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I'm trying to get my Dell W2306C LCD Monitor/TV to work with Linux (I'm running Fedora Core 5). I'm a Linux novice, and am getting to my wits end. The ...
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- 09-03-2006 #1
- Join Date
- Sep 2006
Adding LCD monitor's native resolution to preferences
I'm trying to get my Dell W2306C LCD Monitor/TV to work with Linux (I'm running Fedora Core 5). I'm a Linux novice, and am getting to my wits end.
The monitor's native resolution is 1360x768 and my video card is Intel 825865G. I was able to get it looking good in Windows (I have dual boot) so I downloaded Powerstrip to get the Modeline to add to the Xconf file. That line is:
“1360x768” 85.500 1360 1424 1536 1792 768 771 777 795 +hsync +vsync
I have the Screen section set to use only "1360x768."
The problem is that the screen resolution is set to 1600x1200 and there is no option to set it to 1360x768. Any ideas how I can add the native resolution to the Screen Resolution Preferences?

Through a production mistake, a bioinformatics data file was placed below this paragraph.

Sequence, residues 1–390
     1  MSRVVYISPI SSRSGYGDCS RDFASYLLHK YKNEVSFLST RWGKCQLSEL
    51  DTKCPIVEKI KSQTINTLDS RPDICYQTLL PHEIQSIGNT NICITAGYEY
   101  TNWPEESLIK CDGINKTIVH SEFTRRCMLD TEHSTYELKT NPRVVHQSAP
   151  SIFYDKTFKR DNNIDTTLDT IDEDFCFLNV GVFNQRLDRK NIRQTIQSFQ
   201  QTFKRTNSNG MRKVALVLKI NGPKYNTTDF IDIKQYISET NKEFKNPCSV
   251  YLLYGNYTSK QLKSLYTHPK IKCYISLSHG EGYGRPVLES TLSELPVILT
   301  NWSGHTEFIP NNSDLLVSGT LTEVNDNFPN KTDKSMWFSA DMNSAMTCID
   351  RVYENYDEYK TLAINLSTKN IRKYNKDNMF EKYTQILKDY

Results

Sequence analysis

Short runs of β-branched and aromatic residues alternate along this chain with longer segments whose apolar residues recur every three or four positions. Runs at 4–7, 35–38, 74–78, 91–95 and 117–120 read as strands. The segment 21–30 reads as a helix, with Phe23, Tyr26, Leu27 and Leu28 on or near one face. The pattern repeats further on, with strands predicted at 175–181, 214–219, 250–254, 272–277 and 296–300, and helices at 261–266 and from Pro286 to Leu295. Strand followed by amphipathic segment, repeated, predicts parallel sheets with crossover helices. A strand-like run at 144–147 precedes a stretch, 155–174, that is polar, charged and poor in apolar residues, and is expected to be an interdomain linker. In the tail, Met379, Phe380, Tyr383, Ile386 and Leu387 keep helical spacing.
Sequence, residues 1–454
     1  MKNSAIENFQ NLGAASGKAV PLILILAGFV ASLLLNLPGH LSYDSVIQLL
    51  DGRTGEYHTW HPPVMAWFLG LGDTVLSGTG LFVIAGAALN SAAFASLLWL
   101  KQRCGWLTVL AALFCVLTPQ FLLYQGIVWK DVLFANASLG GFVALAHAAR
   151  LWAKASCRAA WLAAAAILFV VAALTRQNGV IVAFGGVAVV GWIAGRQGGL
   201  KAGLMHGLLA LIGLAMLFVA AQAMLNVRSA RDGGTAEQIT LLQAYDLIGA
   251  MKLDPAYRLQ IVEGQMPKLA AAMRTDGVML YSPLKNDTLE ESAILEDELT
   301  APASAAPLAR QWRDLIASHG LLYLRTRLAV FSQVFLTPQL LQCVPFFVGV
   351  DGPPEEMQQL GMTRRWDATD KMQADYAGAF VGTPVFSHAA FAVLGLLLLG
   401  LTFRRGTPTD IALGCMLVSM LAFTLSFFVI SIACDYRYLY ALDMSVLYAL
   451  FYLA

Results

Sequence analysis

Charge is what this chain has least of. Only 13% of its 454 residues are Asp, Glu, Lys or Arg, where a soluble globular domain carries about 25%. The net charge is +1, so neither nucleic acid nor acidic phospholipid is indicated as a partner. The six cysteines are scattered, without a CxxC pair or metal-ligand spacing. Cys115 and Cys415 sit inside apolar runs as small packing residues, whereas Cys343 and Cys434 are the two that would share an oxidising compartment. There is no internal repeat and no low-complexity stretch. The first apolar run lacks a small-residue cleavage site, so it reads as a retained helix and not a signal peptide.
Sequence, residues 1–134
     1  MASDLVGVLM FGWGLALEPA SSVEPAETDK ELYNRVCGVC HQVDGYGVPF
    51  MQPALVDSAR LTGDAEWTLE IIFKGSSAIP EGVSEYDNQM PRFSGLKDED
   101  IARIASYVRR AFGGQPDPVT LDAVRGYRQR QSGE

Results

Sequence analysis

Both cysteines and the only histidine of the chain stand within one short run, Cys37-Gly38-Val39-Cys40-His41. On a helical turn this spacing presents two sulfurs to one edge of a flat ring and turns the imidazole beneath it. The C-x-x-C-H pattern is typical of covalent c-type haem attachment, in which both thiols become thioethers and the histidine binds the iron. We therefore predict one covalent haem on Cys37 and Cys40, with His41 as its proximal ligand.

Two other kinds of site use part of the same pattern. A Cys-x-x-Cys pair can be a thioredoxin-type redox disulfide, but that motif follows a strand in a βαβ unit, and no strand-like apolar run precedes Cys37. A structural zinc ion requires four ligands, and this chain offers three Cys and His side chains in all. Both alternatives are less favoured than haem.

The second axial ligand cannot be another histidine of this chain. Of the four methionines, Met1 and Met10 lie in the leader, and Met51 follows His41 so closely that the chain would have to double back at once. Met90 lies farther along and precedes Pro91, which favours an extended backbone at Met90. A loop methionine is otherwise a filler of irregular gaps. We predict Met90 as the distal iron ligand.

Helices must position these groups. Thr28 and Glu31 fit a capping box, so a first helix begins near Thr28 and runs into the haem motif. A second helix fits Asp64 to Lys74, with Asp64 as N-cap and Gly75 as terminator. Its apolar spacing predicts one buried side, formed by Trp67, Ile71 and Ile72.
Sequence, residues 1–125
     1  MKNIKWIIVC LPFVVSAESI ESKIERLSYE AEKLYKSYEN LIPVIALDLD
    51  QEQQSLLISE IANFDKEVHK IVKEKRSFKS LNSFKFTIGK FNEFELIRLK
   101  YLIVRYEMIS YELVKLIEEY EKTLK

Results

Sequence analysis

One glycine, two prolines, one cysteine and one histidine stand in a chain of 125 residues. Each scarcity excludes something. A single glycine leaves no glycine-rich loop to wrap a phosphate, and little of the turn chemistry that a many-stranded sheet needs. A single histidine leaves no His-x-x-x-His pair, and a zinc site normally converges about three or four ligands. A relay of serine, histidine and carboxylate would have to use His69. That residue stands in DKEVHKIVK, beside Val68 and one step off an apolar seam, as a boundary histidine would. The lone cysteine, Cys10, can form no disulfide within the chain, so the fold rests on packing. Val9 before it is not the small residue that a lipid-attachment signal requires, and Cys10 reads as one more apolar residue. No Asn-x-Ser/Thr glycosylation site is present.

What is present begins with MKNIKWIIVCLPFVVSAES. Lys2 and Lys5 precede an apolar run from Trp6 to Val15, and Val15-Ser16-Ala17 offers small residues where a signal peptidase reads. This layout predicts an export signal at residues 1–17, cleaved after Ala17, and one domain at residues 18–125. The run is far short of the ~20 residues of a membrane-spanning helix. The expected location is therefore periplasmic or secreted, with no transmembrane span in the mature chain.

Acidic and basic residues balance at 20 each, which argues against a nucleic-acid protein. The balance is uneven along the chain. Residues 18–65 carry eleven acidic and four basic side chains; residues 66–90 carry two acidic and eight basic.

The other problem (perhaps related?) is that if I boot up with the LCD monitor hooked up, at the login screen & afterwards I get a blank screen stating that I need to be in 1360x768. If I boot up using my CRT monitor and switch, then the LCD monitor works (albeit not in the right resolution).
- 09-04-2006 #2
edit /etc/X11/xorg.conf with gedit, pico or vim
and add the desired resolution under
Depth 32 (Or whatever)
Modes ====HERE======Put your hand in an oven for a minute and it will be like an hour, sit beside a beautiful woman for an hour and it will be like a minute, that is relativity. --Albert Einstein
Linux User #425940
Don't PM me with questions, instead post in the forums
- 09-04-2006 #3
- Join Date
- Sep 2006
Well, that's what I did (per my original posting), which is how I got it to display on the monitor at all. But the list of resolutions that are available don't include the odd-ball 1360x768.
- 09-04-2006 #4Originally Posted by Simenzo
http://www.geocities.com/stomljen/"To express yourself in freedom, you must die to everything of yesterday. From the 'old', you derive security; from the 'new', you gain the flow."